[LINK] US upholds net neutrality for content distribution on networks
jwhit at melbpc.org.au
Fri Nov 11 10:36:57 AEDT 2011
Senate rejects GOP bid to overturn Internet rules
WASHINGTON (AP) - Senate Democrats on Thursday turned back a
Republican attempt to repeal federal rules designed to prevent
Internet service providers from discriminating against those who send
content and other services over their networks.
Republicans argued that "net neutrality" rules announced by the
Federal Communications Commission last December were another example
of federal regulatory overreach that would stifle Internet investment
But Democrats, and the White House in a veto threat, said repealing
the FCC rules would imperil openness and freedom on the Internet. "It
would be ill-advised to threaten the very foundations of innovation
in the Internet economy and the democratic spirit that has made the
Internet a force for social progress around the world," the White House said.
The vote to against taking up the bill, along party lines, was 52-46.
The rules, approved 3-2 with the three FCC Democrats in favor and the
two Republicans opposed, tried to find a middle ground between phone
and cable companies desiring more control over their networks and the
content providers wanting unfettered access to the Internet.
The rules bar service providers from favoring or discriminating
against Internet content and services, including online calling
services such as Skype and Web video services such as Netflix, that
could compete with their core operations. They require broadband
providers to let subscribers access all legal online content and
prohibit wireless carriers from blocking access to any websites or
The House, where Republicans command a majority, voted last April to
repeal the rules, saying the FCC lacked the authority to set Internet
policy and that there was no need for the federal government to
intervene in an already open Internet. They said the rules would
stifle investment in broadband systems.
The rules, said Sen. Kay Bailey Hutchison, R-Texas, are "a stunning
reversal from a hands-off approach to the Internet that federal
policymakers have taken for more than a decade."
She brought up the resolution under the Congressional Review Act,
which allows lawmakers to challenge regulations issued by federal
agencies. The rules are scheduled to go into effect on Nov. 20.
The FCC, said Sen. Roger Wicker, R-Miss., "would rule as a de facto
police of the open and free Internet."
But Senate Commerce, Science and Transportation Committee Chairman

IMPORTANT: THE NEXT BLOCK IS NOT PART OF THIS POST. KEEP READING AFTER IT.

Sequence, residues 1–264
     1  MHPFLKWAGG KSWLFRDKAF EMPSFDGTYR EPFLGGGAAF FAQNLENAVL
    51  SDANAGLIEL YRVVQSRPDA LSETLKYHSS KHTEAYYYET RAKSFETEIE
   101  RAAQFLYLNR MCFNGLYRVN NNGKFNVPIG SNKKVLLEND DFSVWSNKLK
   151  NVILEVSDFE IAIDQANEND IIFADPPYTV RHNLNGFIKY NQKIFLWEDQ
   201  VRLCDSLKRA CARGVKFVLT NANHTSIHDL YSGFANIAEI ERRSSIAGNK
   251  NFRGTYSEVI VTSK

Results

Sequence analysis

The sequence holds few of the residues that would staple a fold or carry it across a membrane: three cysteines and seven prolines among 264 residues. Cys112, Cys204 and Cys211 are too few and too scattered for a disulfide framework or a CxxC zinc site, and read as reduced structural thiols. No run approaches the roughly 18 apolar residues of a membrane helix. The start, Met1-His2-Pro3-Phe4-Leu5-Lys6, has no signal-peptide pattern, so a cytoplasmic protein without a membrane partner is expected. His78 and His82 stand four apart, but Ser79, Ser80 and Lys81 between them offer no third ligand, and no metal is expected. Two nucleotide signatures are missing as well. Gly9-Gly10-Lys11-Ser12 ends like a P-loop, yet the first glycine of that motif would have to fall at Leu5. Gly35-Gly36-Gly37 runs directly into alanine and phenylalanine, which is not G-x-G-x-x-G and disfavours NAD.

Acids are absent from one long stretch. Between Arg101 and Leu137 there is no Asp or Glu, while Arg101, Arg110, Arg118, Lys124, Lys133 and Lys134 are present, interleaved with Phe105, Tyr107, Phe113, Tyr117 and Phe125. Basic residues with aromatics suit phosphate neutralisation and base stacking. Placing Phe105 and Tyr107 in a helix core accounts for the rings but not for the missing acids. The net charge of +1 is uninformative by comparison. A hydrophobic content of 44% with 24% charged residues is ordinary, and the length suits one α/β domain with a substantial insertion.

Jay Rockefeller, D-W.Va., said the resolution was misguided. "It will
add uncertainty to the economy. It will hinder small businesses
dependent on fair broadband access. It will undermine innovation. It
will hamper investment in digital commerce."
Without a free Internet he said, "there would be nothing to prevent
Internet service providers from charging users a premium in order to
guarantee operation in the `fast lane.'"
The rules give providers flexibility to manage data to deal with
network congestion as long as they publicly disclose those practices.
They do not specifically ban higher charges for faster transmission
of data, but do outlaw "unreasonable network discrimination."
Sen. John Kerry, D-Mass., said those trying to overturn the rules say
they want to "liberate the Internet when, in fact, what they want to
do is imprison the Internet within the hands of the most powerful
communications entities today to act as the gatekeepers."
Rockefeller and Sen. Al Franken, D-Minn., another backer of the FCC
rules, cited a letter to the FCC chairman written before the rules
were finalized saying that "a process that results in commonsense
baseline rules is critical to ensuring that the Internet remains a
key engine of economic growth, innovation and global
competitiveness." Among the signees were the CEOs of Google, Inc.,
Amazon.com, Netflix, Inc., Facebook, YouTube and eBay, Inc.
Melbourne, Victoria, Australia
jwhit at janwhitaker.com
Our truest response to the irrationality of the world is to paint or
sing or write, for only in such response do we find truth.
~Madeline L'Engle, writer
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